The course is only offered to the students of the study fields the course is directly associated with.
Fields of study the course is directly associated with
there are 11 fields of study the course is directly associated with, display
This course engages the broad cultural dynamics of Britain and its former colonies, with particular attention paid to the developing role of institutions and their impact on mechanisms of power, social conditions, and cultural production. Emphasis is placed on the changing discourses of British life – social, medical, ethical, religious, legal, political, monetary, scholarly, and familial – complex discourses which arose from the first Roman interchanges with the Celts, matured throughout the Middle Ages and the Renaissance, were advanced by the establishment of Britain's almost-global dominance during the reign of Victoria, were impacted by the two World Wars, and continue to develop into the Britain we see today. Unlike 'Introduction to British Studies I', this course will concentrate primarily on the period after World War II. The required text, and the one covered on the exam, is "Investigating Culture and Identity" by Paul Taylor (Harper Collins, 1997).
At the end of the course, students will be able to discuss cultural theories with greater sensitivity and appreciation, and will have an understanding of the contexts from which those theories arose as well as situations in which they can be aptly applied in dealing with Britain.
Week 1: Introduction. Week 2: Introducing Culture and Identity (Taylor, Investigating Culture, pp. 1-25). Week 3: Consensus, socialization and solicial solidarity (pp. 26-53). Week 4: Class, power and ideology (pp. 54-81). Week 5: Gender and sexuality (pp. 82-110). Week 6: Race, ethnicity and nationalism (pp. 111-138). Week 7: Age, generation and subculture (pp. 139-164). Week 8: Signs, symbols and structures (pp. 165-186). Week 9: Interaction, agency and structuralism (pp. 187-211). Week 10: Modernity and postmodernity (pp. 212-247). Weeks 10-13: Devoted topics relating to place and environment; education, work and leisure; gender, sex, and the family; youth culture and age; class and politics; ethnicity and language; religion and heritage; present and future Britain.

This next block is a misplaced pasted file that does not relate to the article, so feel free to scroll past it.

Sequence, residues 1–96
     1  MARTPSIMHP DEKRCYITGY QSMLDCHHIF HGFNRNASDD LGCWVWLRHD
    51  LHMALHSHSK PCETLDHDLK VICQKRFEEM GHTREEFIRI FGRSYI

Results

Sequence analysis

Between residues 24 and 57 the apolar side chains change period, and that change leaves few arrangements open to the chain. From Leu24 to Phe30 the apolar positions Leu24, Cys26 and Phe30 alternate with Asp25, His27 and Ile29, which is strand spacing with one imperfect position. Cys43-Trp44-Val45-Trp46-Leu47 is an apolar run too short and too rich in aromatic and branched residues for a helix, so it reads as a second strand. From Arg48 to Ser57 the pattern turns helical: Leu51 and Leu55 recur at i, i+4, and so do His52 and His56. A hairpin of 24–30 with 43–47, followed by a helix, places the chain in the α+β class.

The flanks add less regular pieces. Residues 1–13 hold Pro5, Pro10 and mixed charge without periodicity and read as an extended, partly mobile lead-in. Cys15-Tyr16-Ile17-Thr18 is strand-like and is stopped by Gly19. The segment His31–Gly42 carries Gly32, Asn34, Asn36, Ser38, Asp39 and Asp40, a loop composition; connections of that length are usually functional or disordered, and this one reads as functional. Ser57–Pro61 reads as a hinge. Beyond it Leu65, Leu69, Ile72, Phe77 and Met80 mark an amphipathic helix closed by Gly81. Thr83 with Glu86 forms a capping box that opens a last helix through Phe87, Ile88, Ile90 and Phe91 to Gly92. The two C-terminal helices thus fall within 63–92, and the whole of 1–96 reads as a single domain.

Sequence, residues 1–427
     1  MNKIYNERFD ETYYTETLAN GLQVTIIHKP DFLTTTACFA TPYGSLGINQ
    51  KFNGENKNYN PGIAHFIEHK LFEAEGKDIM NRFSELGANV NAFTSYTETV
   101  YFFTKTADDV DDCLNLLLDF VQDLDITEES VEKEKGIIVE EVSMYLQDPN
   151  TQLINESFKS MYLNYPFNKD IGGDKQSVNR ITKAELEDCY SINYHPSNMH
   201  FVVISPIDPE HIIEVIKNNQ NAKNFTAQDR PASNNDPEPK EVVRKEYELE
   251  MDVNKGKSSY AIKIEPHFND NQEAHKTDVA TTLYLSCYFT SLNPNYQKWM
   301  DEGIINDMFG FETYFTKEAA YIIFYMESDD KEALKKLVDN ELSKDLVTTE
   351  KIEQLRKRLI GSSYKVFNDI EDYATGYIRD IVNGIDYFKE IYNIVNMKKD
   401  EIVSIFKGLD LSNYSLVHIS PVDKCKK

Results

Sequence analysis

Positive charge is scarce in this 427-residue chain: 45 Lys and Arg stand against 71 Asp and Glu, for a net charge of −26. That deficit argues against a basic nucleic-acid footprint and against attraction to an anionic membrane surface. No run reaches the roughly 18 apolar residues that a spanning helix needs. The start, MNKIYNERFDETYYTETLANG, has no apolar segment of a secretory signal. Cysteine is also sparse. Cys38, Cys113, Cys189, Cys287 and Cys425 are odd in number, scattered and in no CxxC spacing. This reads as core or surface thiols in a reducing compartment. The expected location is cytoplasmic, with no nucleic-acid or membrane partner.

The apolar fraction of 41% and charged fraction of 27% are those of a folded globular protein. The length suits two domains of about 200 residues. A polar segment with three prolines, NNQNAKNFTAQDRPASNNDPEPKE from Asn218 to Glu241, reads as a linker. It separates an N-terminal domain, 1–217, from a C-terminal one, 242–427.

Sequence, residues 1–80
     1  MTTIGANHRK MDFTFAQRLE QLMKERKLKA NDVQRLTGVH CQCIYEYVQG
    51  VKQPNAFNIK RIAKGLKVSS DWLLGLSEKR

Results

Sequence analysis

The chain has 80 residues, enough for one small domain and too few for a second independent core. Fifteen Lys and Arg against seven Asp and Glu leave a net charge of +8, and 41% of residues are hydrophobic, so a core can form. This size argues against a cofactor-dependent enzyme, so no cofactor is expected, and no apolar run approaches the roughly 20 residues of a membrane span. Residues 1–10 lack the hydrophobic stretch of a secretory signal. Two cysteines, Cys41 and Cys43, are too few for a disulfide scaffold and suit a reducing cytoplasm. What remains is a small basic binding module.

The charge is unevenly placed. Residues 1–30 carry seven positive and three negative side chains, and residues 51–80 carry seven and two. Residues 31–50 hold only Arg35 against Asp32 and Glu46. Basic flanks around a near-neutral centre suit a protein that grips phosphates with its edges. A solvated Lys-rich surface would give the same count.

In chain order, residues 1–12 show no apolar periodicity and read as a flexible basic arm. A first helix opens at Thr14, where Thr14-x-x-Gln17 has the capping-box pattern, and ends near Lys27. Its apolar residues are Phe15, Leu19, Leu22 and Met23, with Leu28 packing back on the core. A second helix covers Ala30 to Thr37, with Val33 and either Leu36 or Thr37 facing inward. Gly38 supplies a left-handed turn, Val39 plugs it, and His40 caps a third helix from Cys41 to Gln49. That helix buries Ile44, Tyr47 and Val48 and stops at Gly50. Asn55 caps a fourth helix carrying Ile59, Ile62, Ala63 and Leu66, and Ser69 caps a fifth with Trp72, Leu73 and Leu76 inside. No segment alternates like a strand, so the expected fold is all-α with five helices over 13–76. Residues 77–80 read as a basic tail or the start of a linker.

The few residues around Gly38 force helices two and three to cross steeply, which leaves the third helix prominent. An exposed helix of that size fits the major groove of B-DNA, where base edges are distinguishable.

OAKLAND, John. British civilization :an introduction. 2nd ed. London: Routledge, 1991. 256 s. ISBN 0-415-06475-9. info
FRANKOVÁ, Milada. A Reader. editor: PhDr. Lidia Kyzlinková. In British Studies. Brno: Masarykova univerzita, 1999. 128 pp. učební texty. ISBN 80-210-2119-5. info
Investigating Culture and Identity
MCDOWALL, David. An illustrated history of Britain a. Harlow: Longman, 1989. 188 p. : i. ISBN 0-582-74914-695. info
British cultural identities. Edited by Mike Storry - Peter Childs. London: Routledge, 1997. xxii, 350. ISBN 0-415-13699-7. info
Seminars, 1½ hours per week.
Assessment: A written examination constituting 100% of the credit for this term (50 questions). Since this is only half of a two-term course, this exam will contribute 50% of the credit for the comprehensive grade at the end of the second term.
Language in which the course is taught
Further comments (probably available only v češtině)
The course is taught annually.
Information on course enrollment limitations: 6 skupin studentů